Doran's Elsinore delves into how relationships curdle within the family and friendship, but only fitfully relates that to a broader vision of the world. The prominent figures here have all made uneasy compromises with pragmatism: Patrick Stewart's usurper is a man who has longed for power for years, only to find that, once attained, he doesn't really know what to do with it. Penny Downie's queen is accustomed to compensating for her husband's gruffness - remembering people's names, making them feel important - while setting strict limits on what she allows herself to know. Oliver Ford Davies is an excellent Polonius, a spymaster sliding into senility - but although the production excellently shows him turning surveillance on his own children, it seems less interested in his governmental function. He is eventually shot when skulking behind a mirror, which cracks like a spider's web: a nice visual metaphor for an Elsinore we haven't really seen.
To galvanise all of these careful performances, we need a risky, questing Hamlet, a man who will always go too far, grieve too much, ask too much. The first act ends with an unexpected shock (don't worry, no spoiler here): but it depends on our believing that the prince might do something bloodily impulsive. The moment sat awkwardly on the substitute prince - if Tennant's Hamlet is a maverick existential detective, Bennett is a diligent copper, and that's not enough to galvanise this production. Some things you can't replicate.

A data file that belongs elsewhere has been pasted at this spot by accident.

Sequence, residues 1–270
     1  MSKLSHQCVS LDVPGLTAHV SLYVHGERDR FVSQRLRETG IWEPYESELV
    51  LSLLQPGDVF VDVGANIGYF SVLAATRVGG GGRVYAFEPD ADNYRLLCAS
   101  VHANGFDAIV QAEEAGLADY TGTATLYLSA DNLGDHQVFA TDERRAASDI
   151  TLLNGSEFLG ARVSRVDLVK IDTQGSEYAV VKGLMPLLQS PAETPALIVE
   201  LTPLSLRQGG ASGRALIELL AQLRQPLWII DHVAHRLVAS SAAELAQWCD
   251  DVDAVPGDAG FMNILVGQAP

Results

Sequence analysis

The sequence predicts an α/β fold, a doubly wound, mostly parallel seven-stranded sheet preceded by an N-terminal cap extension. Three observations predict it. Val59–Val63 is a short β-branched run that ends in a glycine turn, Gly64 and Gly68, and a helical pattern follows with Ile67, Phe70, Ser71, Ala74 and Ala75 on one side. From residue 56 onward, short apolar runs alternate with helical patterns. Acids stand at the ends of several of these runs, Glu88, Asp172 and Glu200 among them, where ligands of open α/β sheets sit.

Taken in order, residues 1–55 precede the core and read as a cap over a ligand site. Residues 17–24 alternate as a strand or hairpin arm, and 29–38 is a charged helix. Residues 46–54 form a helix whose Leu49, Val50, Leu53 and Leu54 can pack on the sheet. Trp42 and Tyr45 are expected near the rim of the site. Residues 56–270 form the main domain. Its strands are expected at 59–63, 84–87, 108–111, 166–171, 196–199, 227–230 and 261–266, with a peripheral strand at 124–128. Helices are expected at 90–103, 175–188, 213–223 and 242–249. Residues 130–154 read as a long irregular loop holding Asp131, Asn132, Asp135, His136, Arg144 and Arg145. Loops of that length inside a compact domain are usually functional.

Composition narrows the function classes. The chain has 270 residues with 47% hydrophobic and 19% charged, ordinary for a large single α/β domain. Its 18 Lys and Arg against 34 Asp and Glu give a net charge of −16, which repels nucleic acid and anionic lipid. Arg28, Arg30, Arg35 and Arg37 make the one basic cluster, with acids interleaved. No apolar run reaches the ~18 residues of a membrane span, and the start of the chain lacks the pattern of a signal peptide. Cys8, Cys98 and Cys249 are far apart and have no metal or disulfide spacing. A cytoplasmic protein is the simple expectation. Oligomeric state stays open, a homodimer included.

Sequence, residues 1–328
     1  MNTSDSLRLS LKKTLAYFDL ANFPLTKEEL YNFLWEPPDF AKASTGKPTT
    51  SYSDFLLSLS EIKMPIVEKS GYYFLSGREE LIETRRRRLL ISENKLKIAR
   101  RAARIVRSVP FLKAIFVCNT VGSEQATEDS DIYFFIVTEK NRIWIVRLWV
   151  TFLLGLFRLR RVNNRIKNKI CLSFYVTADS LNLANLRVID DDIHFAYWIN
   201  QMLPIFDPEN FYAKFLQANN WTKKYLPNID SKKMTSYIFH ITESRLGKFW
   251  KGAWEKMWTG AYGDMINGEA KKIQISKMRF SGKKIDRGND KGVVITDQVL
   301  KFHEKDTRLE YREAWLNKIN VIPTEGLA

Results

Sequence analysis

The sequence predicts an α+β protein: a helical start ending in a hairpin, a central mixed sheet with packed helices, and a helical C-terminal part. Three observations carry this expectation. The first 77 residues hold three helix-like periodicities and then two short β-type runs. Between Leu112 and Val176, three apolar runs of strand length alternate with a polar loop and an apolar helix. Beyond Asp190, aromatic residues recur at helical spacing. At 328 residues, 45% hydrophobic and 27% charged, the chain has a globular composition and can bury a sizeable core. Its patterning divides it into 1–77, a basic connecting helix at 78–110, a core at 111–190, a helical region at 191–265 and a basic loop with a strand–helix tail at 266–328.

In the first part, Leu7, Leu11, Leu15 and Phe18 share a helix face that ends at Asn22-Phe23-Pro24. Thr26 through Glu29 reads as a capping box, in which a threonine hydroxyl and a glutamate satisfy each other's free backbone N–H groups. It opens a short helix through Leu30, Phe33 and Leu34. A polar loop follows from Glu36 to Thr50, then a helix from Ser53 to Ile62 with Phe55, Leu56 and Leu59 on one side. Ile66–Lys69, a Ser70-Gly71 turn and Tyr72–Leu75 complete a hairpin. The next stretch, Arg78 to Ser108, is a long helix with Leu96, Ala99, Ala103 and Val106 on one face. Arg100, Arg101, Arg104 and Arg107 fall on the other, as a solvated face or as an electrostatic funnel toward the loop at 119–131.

AJ BlogsAJBlogCentral | rss
Terry Teachout on the arts in New York City
Andrew Taylor on the business of arts & culture
rock culture approximately
Laura Collins-Hughes on arts, culture and coverage
Richard Kessler on arts education
Douglas McLennan's blog
Dalouge Smith advocates for the Arts
Art from the American Outback
For immediate release: the arts are marketable
No genre is the new genre
David Jays on theatre and dance
Paul Levy measures the Angles
Judith H. Dobrzynski on Culture
John Rockwell on the arts
Jan Herman - arts, media & culture with 'tude
Apollinaire Scherr talks about dance
Tobi Tobias on dance et al...
Howard Mandel's freelance Urban Improvisation
Focus on New Orleans. Jazz and Other Sounds
Doug Ramsey on Jazz and other matters...
Jeff Weinstein's Cultural Mixology
Martha Bayles on Film...
Fresh ideas on building arts communities
Greg Sandow performs a book-in-progress
Exploring Orchestras w/ Henry Fogel
Harvey Sachs on music, and various digressions
Bruce Brubaker on all things Piano
Kyle Gann on music after the fact
Greg Sandow on the future of Classical Music
Norman Lebrecht on Shifting Sound Worlds
Jerome Weeks on Books
Scott McLemee on books, ideas & trash-culture ephemera
Wendy Rosenfield: covering drama, onstage and off
Chloe Veltman on how culture will save the world
Public Art, Public Space
Regina Hackett takes her Art To Go
John Perreault's art diary
Lee Rosenbaum's Cultural Commentary
Tyler Green's modern & contemporary art blog